Realizing that they would never reach Danang and that Mike could not eject without a chute, Steve decided to ditch the Bronco by crashlanding in the water. He knew that an OV-10 pilot had never survived a ditching and that the aircraft was likely to break up in the cockpit area as it struck the water. A squadron pilot would later recall, "We talked about it a lot in pilot shop talk. Punch out or get it on dry land, or whatever you can do, but don't ditch it."

Steve eased the aircraft into a slow descent toward the water as the two captains completed their pre-ditching checklist. They touched down about one mile from a sandy beach and Mike remembers, "We dug in harder than hell." The landing gear caught in the sea before the Bronco cartwheeled and flipped over on its back.

In the submerged rear cockpit, Mike labored frantically to free himself. He unstrapped and tried to exit through the top of the canopy. Finding the way blocked, he pulled himself clear through an opening in the side and yanked the toggles to inflate his life preserver. On the surface, Mike found only the aircraft's tail section still afloat.

He swam around the tail but could not find Steve. Mike pulled himself down the tail section and back underwater, fighting to reach the front cockpit. He got only as far as the wing, and when he surfaced for the second time, the OV-10 had gone under. A few minutes later, at about 7 p.m., Mike Brown was picked up by a Navy rescue helicopter.

The next day, 30 June, Steve Bennett's body was recovered from the smashed cockpit of the submerged aircraft. He had had no chance to escape.

A photograph of Captain Steven Logan Bennett, Congressional Medal of Honor Winner.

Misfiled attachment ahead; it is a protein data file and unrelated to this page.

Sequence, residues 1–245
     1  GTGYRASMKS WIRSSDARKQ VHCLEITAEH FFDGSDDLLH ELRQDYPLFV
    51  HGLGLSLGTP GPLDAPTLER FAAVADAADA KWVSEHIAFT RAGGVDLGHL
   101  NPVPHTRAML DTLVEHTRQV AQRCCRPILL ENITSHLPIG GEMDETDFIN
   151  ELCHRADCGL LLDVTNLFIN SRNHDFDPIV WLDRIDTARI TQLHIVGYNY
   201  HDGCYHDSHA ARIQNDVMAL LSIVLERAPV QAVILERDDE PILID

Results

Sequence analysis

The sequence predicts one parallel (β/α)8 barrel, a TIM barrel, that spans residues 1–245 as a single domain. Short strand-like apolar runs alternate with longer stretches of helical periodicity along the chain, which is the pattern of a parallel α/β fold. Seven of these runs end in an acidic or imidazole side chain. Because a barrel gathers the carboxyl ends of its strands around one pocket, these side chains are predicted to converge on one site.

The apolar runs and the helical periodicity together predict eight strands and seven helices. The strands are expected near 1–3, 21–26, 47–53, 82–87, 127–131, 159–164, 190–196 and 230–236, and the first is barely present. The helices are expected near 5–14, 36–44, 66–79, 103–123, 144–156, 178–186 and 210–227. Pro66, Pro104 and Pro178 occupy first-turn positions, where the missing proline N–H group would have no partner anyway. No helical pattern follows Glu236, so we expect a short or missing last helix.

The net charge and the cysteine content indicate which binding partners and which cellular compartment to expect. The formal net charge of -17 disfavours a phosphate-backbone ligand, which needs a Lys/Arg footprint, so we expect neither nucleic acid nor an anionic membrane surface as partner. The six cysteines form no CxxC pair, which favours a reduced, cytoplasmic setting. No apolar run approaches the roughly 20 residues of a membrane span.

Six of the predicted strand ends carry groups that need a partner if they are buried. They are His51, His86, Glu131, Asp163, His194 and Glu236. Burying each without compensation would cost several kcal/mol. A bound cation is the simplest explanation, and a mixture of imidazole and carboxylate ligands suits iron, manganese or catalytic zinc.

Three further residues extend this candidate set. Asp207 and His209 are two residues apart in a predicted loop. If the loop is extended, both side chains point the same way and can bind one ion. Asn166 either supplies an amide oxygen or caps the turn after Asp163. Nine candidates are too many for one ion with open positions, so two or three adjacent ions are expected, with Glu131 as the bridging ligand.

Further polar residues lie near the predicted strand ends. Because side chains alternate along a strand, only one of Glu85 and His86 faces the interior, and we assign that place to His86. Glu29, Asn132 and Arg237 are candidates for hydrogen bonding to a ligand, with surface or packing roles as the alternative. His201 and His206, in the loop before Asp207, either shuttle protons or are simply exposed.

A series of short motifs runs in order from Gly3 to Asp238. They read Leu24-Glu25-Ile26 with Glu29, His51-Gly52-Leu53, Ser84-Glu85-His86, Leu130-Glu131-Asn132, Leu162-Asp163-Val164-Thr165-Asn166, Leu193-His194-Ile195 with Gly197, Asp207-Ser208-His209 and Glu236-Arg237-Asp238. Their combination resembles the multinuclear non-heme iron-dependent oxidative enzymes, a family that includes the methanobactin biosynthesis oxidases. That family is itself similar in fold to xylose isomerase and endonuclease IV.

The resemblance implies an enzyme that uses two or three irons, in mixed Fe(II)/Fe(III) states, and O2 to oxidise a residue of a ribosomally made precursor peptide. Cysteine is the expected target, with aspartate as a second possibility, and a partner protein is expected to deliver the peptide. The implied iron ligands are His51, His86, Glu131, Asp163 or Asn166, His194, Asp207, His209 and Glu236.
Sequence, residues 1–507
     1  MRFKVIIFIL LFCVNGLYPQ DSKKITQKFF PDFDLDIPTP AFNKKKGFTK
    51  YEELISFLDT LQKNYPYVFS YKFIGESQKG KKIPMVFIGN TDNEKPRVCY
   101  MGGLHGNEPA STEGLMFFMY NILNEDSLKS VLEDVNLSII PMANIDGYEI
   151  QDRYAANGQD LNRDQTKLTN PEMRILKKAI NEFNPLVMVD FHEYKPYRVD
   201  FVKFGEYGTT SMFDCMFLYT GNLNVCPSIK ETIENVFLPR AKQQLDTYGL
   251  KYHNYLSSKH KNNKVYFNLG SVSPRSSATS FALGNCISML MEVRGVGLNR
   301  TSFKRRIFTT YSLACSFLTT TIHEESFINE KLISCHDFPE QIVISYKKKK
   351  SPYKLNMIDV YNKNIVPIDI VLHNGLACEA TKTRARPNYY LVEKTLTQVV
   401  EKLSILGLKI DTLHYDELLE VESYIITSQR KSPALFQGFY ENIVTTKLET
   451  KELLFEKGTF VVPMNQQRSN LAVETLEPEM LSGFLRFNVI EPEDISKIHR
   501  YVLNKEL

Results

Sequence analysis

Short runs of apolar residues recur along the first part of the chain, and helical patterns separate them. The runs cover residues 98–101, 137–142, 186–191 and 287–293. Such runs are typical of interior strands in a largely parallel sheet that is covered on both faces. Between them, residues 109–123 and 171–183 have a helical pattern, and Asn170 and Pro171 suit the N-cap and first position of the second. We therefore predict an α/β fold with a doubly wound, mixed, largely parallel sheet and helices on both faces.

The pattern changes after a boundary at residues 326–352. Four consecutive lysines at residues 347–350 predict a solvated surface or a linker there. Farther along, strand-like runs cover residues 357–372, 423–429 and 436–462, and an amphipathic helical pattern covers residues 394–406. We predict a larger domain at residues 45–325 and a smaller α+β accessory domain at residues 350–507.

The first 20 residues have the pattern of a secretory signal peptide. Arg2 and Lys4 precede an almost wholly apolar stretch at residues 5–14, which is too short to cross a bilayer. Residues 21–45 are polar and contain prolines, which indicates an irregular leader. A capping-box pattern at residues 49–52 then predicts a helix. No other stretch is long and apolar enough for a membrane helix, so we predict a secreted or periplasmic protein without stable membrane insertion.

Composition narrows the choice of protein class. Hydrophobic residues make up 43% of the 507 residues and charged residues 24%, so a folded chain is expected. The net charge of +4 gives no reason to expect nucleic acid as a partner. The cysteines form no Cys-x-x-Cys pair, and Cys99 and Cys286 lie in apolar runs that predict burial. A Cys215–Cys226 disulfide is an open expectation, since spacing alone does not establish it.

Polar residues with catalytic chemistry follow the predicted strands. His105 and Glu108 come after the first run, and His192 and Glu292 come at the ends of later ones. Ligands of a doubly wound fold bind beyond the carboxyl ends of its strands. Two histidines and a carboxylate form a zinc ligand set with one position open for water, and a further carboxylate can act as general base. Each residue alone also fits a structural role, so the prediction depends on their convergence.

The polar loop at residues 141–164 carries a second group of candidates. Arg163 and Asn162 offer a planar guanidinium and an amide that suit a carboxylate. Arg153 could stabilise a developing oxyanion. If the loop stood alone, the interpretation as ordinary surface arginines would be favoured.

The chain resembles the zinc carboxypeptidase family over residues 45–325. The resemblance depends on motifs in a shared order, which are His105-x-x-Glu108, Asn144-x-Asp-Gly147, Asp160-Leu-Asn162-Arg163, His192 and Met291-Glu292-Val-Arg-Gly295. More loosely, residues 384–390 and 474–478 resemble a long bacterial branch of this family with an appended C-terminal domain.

Capt. Bennett was the pilot of a light aircraft flying an artillery adjustment mission along a heavily defended segment of route structure. A large concentration of enemy troops was massing for an attack on a friendly unit. Capt. Bennett requested tactical air support but was advised that none was available. He also requested artillery support, but this too was denied due to the close proximity of friendly troops to the target.

Capt. Bennett was determined to aid the endangered unit and elected to strafe the hostile positions. After four such passes, the enemy forces began to retreat. Capt. Bennett continued the attack, but, as he completed his fifth strafing pass, his aircraft was struck by a surface-to-air missile which severely damaged the left engine and the left main landing gear.

As fire spread in the left engine, Capt. Bennett realized that recovery at a friendly airfield was impossible. He instructed his observer to prepare for ejection, but was informed by the observer that his parachute had been shredded by the force of the impacting missile.

Although Capt. Bennett had a good parachute, he knew that if he ejected, the observer would have no chance of survival. With complete disregard for his own life, Capt. Bennett elected to ditch the aircraft into the Gulf of Tonkin, even though he realized that a pilot of this type aircraft had never survived a ditching.

The ensuing impact upon the water caused the aircraft to cartwheel and severely damage the front cockpit, making escape for Capt. Bennett impossible.

The observer successfully made his way out of the aircraft and was rescued.

Capt. Bennett's unparalleled concern for his companion, extraordinary heroism, and intrepidity above and beyond the call of duty, at the cost of his life, were in keeping with the highest traditions of the military service and reflect great credit upon himself and the U.S. Air Force.

I hope you enjoyed this trip through some of the history of aviation. If you enjoyed this trip, and are new to this newsletter, sign up to receive your own weekly newsletter here: Subscribe here!

Until next time, keep your eyes safe and focused on what's ahead of you, Hersch!